We know from the reported experiences of others wounded in the action on 2nd December that they had to be left behind when their fellow soldiers withdrew from the front line to the strongpoint of "Corner Work". Some stretcher bearers remained with the wounded men in cellars and managed to return them to British lines. But it would seem they could not do this for everyone; and that when Gordon was wounded, he was taken to a German medical station, where he died, shortly after the action in which he had fought.


After the war, British graves at Selvigny German Cemetery (and several others) were brought into Honnechy Cemetery, east of Cambrai. This too was originally a German cemetery near a German hospital centre until it was captured by British forces late in 1918. In 1922-3, German graves were removed to another burial ground, and the cemetery was remade by the concentration of British graves almost entirely from German cemeteries.

Honnechy Cemetery
Harold Gordon Lake headstone at Honnechy Cemetery
Honnechy Cemetery

In Dartmouth, Gordon is commemorated on the Town War Memorial as "Gordon Lake", and on the St Saviours Memorial Board as "H G Lake",

Dartmouth Town Memorial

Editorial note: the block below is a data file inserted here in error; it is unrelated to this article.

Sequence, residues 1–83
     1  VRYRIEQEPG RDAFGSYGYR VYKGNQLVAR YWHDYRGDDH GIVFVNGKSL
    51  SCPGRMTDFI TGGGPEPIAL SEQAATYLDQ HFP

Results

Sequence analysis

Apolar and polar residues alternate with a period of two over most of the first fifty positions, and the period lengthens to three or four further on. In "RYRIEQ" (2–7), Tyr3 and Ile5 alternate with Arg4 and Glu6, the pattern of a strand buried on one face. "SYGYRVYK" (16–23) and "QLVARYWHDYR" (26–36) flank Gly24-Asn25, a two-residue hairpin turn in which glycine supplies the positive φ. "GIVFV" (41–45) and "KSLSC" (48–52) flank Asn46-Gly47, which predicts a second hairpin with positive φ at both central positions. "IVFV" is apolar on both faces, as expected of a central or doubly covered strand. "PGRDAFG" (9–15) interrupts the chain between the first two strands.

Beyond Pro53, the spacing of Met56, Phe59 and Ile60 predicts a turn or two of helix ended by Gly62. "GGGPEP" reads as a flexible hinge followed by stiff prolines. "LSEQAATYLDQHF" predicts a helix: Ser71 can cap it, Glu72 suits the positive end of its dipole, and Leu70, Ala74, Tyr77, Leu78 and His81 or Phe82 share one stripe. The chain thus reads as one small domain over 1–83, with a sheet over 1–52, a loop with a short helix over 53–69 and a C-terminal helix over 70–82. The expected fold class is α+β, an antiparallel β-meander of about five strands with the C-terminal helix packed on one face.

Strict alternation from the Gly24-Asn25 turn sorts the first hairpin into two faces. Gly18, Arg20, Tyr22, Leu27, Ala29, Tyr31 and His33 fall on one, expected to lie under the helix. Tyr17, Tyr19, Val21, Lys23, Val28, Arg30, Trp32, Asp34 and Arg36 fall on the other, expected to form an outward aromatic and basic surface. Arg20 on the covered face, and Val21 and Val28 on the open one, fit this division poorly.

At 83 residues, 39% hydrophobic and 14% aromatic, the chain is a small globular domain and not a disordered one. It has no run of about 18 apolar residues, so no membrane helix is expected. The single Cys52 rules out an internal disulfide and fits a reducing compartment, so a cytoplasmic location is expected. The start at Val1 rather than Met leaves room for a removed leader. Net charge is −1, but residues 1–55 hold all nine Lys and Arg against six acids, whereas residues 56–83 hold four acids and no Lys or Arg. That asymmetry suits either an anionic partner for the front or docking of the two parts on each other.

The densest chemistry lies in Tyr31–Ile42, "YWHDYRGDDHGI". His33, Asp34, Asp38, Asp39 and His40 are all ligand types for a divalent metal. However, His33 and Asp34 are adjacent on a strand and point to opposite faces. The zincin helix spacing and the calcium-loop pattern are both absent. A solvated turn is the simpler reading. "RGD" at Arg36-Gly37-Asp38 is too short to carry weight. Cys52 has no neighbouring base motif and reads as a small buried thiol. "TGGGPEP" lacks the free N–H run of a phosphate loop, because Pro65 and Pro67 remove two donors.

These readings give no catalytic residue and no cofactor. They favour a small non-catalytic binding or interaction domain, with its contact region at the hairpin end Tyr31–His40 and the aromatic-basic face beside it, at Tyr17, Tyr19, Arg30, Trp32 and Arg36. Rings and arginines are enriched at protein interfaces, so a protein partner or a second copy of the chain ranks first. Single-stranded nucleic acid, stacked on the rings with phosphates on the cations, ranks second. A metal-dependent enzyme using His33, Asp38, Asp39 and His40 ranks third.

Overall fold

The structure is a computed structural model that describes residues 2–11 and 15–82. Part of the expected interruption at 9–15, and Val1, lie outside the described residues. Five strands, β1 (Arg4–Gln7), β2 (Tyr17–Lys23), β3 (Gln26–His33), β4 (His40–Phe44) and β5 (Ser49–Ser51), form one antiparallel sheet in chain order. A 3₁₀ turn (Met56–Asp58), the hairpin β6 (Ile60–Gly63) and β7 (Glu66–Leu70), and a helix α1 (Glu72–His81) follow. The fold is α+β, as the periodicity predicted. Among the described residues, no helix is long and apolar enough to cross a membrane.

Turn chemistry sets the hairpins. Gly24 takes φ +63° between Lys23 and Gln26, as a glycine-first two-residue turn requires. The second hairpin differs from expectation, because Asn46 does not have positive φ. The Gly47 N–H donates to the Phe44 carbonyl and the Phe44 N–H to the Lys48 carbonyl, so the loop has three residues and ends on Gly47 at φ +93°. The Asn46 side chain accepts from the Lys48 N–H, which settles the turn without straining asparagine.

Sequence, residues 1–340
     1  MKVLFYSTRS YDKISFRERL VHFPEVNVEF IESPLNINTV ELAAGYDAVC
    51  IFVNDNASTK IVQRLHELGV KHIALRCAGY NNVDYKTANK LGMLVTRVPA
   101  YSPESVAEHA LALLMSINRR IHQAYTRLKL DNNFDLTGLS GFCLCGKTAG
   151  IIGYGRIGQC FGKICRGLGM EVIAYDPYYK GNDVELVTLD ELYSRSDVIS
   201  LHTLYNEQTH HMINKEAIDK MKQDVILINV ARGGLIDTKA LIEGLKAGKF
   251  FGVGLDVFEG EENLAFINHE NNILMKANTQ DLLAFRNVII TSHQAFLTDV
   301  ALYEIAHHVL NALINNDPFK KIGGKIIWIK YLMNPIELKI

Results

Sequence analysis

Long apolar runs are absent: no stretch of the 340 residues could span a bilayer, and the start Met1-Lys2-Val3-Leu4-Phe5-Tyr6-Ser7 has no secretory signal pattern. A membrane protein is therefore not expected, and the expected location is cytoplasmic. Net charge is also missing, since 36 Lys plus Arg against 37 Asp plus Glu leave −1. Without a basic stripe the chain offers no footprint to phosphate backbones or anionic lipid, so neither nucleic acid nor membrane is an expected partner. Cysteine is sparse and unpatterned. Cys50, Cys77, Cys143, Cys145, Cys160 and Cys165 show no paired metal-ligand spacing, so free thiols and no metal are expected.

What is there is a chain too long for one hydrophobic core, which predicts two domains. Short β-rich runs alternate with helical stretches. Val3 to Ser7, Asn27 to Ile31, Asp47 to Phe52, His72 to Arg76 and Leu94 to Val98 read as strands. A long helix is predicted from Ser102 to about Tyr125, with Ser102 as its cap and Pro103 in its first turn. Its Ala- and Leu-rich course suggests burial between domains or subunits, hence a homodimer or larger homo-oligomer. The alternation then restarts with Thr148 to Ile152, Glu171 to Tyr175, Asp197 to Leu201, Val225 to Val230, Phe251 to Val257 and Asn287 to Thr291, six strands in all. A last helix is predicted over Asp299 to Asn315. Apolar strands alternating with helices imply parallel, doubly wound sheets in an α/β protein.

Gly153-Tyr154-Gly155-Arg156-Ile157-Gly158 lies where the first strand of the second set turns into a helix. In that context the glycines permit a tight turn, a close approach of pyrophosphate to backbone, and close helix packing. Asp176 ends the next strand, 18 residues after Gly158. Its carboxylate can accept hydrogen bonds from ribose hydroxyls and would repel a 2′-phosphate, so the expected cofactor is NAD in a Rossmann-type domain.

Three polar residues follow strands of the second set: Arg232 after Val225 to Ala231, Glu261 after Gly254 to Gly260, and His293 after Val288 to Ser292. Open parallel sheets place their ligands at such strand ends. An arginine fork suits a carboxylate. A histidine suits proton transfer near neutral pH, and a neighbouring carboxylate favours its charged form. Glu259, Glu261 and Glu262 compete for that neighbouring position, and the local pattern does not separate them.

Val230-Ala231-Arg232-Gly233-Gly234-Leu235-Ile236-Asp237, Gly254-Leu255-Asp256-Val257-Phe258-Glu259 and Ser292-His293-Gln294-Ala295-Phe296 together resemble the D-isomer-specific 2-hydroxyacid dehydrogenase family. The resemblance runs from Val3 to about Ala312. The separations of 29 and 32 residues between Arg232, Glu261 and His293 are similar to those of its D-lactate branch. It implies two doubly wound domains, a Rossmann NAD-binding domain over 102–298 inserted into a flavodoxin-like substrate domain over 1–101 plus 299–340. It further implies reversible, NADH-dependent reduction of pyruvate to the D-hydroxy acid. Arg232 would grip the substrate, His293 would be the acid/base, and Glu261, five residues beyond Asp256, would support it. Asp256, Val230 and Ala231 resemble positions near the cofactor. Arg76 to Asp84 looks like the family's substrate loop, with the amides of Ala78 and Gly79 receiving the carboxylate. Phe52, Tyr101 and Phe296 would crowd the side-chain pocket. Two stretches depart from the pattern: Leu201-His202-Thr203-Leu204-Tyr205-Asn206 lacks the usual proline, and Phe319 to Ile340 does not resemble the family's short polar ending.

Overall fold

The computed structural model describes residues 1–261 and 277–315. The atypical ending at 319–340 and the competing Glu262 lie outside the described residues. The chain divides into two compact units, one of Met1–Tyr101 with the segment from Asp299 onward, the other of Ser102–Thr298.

Dartmouth Town Memorial
St Saviour's Memorial Board
St Saviour's Memorial Board

Gordon's brother Frederick remained in the 2/8th Worcesters and ended the war as a Sergeant. His name appears immediately above Gordon's in the Worcestershire Regiment Medal Roll.

His elder brother Leo also served throughout the war with the Devonshire Regiment. He was awarded the Silver War Badge in March 1919, having been discharged in January 1919.


8th Worcesters 100, an excellent Facebook page commemorating the men of the 1/8th, 2/8th and 3/8th Battalions of the Worcestershire Regiment

The Worcestershire Regiment in the Great War, by Captain H FitzM. Stacke, MC, Vol 1, publ 1928, reprinted 2003 Naval & Military Press

Information Held on Database

Forenames:Harold Gordon
Alternative Forenames:Gordon
Service Number:241887
Military Unit:2/8th Bn Worcestershire Regiment
Date of Death:05 Dec 1917
Age at Death:22
Cause of Death:Died of wounds
Action Resulting in Death:Battle of Cambrai
Place of Death:Near Cambrai, France
Place of Burial:Honnechy Cemetery, France
Born or Lived in Dartmouth?Yes
On Dartmouth War Memorial?Yes
On St Saviour's Memorials?Yes
On St Petrox Memorials?No
On Flavel Church Memorials?No
In Longcross Cemetery?No
In St Clement's Churchyard?No
On a Private Memorial?No
On Another Memorial?No

This information was last updated on Sunday 25 March 2018 at 17:10:07.